Longitudinal growth on an everolimus- versus an MMF-based steroid-free immunosuppressive regimen in paediatric renal transplant recipients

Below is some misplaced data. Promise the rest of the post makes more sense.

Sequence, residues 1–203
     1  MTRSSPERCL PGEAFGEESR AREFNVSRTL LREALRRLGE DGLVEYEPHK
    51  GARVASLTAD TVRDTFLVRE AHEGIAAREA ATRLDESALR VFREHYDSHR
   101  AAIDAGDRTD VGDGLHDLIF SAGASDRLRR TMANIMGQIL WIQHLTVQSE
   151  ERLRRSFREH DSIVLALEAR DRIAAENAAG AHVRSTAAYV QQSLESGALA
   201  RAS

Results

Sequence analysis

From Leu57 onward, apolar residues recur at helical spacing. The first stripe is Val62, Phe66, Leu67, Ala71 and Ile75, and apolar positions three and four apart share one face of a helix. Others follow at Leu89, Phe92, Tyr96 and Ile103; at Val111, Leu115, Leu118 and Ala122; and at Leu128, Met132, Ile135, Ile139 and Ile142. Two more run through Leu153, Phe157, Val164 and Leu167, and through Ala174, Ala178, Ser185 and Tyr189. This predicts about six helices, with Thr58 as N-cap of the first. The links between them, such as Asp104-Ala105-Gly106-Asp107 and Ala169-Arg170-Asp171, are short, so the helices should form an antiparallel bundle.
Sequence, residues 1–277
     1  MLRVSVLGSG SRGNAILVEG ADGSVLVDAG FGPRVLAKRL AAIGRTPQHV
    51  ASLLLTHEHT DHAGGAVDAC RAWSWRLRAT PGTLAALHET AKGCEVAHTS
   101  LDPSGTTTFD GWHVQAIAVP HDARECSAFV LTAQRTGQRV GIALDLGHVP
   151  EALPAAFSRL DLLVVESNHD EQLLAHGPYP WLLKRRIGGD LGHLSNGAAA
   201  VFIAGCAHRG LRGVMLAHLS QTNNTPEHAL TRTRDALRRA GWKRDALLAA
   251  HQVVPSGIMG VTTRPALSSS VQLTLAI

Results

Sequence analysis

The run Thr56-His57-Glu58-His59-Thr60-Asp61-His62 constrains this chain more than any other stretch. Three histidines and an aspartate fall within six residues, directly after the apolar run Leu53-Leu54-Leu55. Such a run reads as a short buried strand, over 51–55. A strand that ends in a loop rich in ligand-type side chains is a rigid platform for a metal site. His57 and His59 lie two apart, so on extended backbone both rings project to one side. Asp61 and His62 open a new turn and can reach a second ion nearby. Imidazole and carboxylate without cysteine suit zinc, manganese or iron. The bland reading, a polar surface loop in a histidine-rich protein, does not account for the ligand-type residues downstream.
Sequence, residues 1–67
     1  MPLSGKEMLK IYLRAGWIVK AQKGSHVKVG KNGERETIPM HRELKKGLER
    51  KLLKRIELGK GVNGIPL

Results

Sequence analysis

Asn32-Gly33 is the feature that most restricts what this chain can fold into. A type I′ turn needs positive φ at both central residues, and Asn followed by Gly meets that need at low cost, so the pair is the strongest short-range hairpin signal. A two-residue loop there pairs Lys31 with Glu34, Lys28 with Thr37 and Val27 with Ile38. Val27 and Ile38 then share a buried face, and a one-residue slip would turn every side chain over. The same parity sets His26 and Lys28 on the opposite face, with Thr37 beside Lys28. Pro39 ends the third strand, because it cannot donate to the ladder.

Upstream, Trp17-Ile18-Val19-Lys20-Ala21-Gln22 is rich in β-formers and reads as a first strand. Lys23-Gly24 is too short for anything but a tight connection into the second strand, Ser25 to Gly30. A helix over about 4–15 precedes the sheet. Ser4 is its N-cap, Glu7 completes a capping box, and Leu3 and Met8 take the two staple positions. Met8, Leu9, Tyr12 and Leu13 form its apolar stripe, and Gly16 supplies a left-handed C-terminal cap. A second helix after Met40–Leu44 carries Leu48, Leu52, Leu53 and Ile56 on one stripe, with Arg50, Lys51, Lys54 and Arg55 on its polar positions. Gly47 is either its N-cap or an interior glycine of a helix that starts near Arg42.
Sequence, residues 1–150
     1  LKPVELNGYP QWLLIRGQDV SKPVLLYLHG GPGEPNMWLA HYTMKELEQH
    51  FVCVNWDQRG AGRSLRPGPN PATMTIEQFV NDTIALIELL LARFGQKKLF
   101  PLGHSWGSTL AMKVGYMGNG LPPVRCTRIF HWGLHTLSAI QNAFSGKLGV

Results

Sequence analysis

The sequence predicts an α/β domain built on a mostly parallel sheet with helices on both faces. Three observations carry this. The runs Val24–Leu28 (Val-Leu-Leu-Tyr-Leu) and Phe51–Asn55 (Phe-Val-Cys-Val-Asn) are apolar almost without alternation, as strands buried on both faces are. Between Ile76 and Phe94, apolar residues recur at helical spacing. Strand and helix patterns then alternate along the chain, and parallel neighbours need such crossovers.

Concerns have been raised that mammalian target of rapamycin inhibitors in pediatric transplant recipients might interfere with longitudinal bone growth by inhibition of growth factor signaling and growth plate chondrocyte proliferation. We therefore undertook a prospective nested, case-control study on longitudinal growth over 2 years in steroid-free pediatric renal transplant recipients. Fourteen patients on a steroid-free maintenance immunosuppressive regimen consisting of low-dose everolimus (EVR) in conjunction with low-dose cyclosporine (CsA) were compared to a matched cohort of 14 steroid-free patients on a standard dose mycophenolate mofetil (MMF) regimen in conjunction with a standard dose calcineurin inhibitor (CNI). The mean change in height standard deviation (SD) score in the first study year was 0.31 � 0.71 SD score in the EVR group compared to 0.31 � 0.64 SD score in the MMF group (P = 0.20). For the entire study period of 2 years, the change in height SD score in the EVR group was 0.43 � 0.81 SDS compared to 0.75 � 0.85 SDS in the MMF group (P = 0.32). The percentage of prepubertal patients experiencing catch-up growth, defined as an increase in height SD score ?0.5 in 2 years, was similar in the EVR group (5/8, 65%) and the MMF group (6/8, 75%; P = 1.00). Longitudinal growth over 2 years in steroid-free pediatric patients on low-dose EVR and CsA is not different to that of a matched steroid-free control group on an immunosuppressive regimen with standard-dose CNI and MMF. Hence, low-dose EVR does not appear to negatively impact short-term growth in pediatric renal transplant recipients.